Waterloo v CUPE
University of Waterloo v. CUPE, Local 793 (Quaiser Grievance)  O.L.A.A. No. 165
The grievor was a carpenter at the University of Waterloo; his workspace was located in a student residence.
He was disciplined on two occasions for different reasons. First of all, a residence manager approached the carpenter to express concern about his habit of not locking doors contrary to University policy. The carpenter's response, i.e. "Things are going to change around here!" was found to constitute a threat of violence. The carpenter received a formal warning from the employer.
Days later, a foreman entered the carpenter's work space looking for work orders. He observed a series of postings that were sexual, violent and/or self-deprecating in nature. These included:
- An oversize poster of Michael Jorden about to shoot a basket. The wording was "Stop or I'll shoot". In the wake of several shootings in North American universities, this message was considered to be extremely ominous and threatening.
- A display of pictures of actor Jennifer Tilley along with the carpenter's desire to stalk "Jennifer" and then "to get the help that [he] so desperately needs". This posting raised fears that the carpenter might be stalking women on campus.
- A display of pictures of Karla Holmolka along with a blurb containing sexually violent expressions like "spank me" and "die trying". This posting was particularly threatening given the murder of school girls committed by Homolka and Bernardo.
There were other sexually charged-postings and objects in the carpenter's office, including:
- Pictures of women in various states of undress, accompanied by expressions such as "size matters" and "new and improved".
- A pink plush toy bearing the sign "Gaylord"
- A trophy featuring a man with an erection
- Photos of Shania Twain labelled "vibrohore"
For these postings, the carpenter was placed on leave pending investigation and was eventually discharged for representing a threat of workplace violence, and for creating a poisoned environment contrary to the Collective Agreement
The Union grieved the dismissal, claiming that the carpenter had been posting offensive material in his various workstations for the past fifteen years without repercussion; had he been asked to take them down, he would have willingly complied. Moreover, other union members had been posting/were still posting sexually inappropriate material in their respective workstations without being subjected to any form of disciplinary action. Neither the Union nor the University monitored their workstations or enforced the respectful environment/offensive materials articles of the Collective Agreement. Finally, the carpenter's workspace was not accessible to the general public of the university; if fellow employees felt offended by the kinds of materials posted there, they could choose to gather elsewhere.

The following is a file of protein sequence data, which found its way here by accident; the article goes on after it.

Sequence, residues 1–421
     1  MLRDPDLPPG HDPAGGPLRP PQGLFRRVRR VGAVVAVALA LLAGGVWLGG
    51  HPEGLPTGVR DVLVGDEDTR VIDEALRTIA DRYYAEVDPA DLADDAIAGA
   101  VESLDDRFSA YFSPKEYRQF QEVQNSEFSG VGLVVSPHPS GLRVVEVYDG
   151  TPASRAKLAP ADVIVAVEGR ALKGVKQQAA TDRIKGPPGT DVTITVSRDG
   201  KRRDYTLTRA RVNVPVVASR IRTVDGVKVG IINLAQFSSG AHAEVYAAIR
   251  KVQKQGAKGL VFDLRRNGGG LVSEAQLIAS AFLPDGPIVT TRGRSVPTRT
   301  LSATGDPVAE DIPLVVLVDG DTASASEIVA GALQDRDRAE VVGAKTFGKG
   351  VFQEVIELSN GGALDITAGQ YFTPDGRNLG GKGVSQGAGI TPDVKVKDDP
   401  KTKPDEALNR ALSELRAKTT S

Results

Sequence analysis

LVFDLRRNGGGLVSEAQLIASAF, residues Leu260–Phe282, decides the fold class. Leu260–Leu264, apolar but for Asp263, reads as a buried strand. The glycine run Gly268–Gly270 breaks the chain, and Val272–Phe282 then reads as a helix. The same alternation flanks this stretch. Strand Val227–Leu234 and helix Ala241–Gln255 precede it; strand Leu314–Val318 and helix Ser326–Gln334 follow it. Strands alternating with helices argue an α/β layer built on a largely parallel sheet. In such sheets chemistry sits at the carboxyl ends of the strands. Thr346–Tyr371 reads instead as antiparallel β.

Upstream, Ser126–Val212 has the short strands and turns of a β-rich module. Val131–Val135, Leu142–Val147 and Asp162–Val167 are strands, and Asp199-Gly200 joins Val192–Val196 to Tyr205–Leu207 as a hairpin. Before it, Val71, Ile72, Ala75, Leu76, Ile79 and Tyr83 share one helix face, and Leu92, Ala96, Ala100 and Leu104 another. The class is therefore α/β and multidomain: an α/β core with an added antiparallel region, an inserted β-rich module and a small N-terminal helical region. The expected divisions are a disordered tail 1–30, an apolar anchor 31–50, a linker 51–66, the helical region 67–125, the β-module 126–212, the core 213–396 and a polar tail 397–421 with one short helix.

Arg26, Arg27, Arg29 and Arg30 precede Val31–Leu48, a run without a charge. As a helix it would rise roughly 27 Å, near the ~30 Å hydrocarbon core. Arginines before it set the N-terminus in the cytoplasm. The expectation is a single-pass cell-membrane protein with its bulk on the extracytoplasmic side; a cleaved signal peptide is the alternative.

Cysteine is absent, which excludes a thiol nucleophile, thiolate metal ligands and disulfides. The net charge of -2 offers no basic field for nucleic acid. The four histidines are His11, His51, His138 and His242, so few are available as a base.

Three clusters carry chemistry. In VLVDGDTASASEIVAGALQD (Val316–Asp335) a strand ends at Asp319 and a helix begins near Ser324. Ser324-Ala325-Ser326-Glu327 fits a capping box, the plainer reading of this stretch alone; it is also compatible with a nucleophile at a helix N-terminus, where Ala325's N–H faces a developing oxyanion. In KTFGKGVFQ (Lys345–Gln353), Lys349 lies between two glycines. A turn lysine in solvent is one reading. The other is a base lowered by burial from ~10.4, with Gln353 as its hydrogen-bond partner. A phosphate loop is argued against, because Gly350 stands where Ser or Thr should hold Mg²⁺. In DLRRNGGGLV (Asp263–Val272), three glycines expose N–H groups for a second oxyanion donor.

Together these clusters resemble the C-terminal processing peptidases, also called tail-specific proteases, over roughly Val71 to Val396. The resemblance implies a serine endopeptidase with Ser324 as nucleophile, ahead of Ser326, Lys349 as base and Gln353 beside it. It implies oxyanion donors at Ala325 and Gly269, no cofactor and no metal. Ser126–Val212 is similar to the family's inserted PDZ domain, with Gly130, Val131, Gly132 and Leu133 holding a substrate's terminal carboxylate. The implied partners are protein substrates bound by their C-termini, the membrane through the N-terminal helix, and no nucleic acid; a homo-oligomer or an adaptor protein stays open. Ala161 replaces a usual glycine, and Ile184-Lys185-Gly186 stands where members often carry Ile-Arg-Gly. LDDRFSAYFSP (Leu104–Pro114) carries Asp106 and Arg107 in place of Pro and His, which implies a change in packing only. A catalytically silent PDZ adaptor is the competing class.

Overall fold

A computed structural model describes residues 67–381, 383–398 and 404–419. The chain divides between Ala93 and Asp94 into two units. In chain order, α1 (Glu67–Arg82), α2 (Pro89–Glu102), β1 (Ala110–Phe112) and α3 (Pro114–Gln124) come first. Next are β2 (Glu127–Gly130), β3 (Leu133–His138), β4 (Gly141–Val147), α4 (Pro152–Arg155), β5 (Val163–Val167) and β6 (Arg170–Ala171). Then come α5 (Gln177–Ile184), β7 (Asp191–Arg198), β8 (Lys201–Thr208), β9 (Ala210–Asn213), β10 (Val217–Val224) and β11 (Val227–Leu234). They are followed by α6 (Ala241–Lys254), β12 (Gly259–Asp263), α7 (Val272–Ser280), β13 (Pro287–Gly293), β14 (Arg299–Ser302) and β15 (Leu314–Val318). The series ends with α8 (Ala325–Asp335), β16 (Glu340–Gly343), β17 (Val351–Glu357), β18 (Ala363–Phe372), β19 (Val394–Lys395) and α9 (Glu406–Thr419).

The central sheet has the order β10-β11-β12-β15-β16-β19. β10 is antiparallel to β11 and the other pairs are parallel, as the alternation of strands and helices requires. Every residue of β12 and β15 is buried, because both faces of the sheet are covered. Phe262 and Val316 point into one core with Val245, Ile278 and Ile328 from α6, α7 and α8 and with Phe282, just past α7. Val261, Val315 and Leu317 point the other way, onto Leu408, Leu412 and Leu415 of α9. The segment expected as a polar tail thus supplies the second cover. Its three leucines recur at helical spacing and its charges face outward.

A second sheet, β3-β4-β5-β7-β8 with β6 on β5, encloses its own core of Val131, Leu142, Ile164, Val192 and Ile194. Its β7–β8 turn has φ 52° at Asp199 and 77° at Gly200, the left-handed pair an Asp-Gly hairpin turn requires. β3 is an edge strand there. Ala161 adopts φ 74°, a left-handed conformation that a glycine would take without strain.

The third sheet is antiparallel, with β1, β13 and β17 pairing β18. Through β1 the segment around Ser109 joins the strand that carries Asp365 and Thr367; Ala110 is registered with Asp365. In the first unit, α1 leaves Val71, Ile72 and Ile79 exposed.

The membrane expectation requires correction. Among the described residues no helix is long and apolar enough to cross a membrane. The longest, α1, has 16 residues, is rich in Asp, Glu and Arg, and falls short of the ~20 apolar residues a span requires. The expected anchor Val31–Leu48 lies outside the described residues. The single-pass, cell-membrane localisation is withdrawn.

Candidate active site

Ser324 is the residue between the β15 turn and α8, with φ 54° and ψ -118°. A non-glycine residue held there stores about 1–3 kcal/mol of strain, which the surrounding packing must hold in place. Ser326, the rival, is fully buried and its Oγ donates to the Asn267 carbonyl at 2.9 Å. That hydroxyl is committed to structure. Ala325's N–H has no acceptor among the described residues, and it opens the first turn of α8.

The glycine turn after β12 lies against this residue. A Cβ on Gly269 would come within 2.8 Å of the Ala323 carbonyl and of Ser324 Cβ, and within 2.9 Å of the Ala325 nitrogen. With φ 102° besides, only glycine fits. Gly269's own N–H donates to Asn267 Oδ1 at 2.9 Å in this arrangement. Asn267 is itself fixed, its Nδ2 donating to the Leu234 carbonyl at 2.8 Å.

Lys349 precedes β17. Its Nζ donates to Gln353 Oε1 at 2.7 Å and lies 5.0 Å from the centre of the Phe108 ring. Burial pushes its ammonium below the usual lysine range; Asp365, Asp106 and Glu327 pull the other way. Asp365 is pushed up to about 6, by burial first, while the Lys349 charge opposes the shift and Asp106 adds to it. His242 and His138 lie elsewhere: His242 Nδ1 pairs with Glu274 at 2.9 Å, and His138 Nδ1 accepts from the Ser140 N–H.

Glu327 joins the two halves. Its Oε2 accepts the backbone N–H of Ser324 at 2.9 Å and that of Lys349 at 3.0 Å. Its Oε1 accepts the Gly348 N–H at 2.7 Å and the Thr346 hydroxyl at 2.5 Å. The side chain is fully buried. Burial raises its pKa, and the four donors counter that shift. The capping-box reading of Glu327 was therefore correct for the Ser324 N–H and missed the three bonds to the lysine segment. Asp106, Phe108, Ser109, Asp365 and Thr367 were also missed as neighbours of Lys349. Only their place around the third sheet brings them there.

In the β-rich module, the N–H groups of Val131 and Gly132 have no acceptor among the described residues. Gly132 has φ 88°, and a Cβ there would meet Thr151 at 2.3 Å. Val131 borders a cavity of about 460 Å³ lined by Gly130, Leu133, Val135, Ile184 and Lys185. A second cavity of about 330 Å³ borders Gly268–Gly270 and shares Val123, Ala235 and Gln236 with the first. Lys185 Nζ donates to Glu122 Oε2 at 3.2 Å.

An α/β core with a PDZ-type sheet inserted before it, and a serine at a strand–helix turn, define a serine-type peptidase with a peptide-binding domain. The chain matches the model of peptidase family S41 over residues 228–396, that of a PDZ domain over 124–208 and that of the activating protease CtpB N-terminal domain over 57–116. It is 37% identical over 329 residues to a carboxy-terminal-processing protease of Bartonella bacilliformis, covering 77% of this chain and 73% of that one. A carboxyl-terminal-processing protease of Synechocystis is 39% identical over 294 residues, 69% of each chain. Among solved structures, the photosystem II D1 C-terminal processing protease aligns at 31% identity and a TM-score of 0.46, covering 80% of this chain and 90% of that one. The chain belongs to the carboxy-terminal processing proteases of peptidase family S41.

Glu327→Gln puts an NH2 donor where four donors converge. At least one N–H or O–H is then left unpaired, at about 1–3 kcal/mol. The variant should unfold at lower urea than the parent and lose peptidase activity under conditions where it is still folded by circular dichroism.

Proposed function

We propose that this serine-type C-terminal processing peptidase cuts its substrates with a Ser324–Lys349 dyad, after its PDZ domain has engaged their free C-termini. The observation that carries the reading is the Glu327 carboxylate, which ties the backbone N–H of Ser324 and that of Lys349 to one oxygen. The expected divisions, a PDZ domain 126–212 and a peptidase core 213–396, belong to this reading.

The University argued that this man represented a threat of workplace violence and that, according to case law, they had the right to dismiss him without establishing intent (the carpenter claimed it was all a big joke). Alternatively, it claimed that the postings were grossly inappropriate and offended the Collective Agreement article on maintaining a respectful environment in the workplace.
- Did the University err in dismissing the carpenter for being a threat of workplace violence?
- Did the University err in dismissing the carpenter for creating a poisoned environment ?
- The carpenter did not represent a threat for the following reasons: 1) The comment "things are going to change around here" referred, most probably, to changes that the carpenter hoped to implement concerning the policy of always keeping doors locked 2) The Michael Jordon poster had been in the office before the carpenter arrived. The words "stop or I'll shoot" were not his. 3) The Karla Holmolka display was more about a sexual fantasy (with elements of bondage) then about a threat of violence.
- Although the postings were inappropriate and did create a poisoned environment (for men and women), and although the Union was mistaken when it claimed that offended workers need not enter the carpenter's workspace, the conduct did not call for dismissal for the following reasons: 1) Both the Union and the University should have taken a more active role in enforcing the collective agreement article on offensive materials; 2) Other employees were posting sexually explicit materials without recrimination; 3) the grievor had been posting his materials for the past 15 years without repercussion and 4) the grievor had been working for the University for 19 years and had a clean disciplinary record.
The Arbitrator ordered the University to reverse the dismissal, to reinstate the grievor.
The University was not, however, required to compensate the grievor for lost wages for three reasons:
- He did not acknowledge the inappropriateness of the materials until the hearing
- The Karla Holmoka material was egregiously inappropriate
- It is necessary to "drive home to the grievor in no uncertain terms the inappropriateness of his conduct and the requirement that it never be repeated".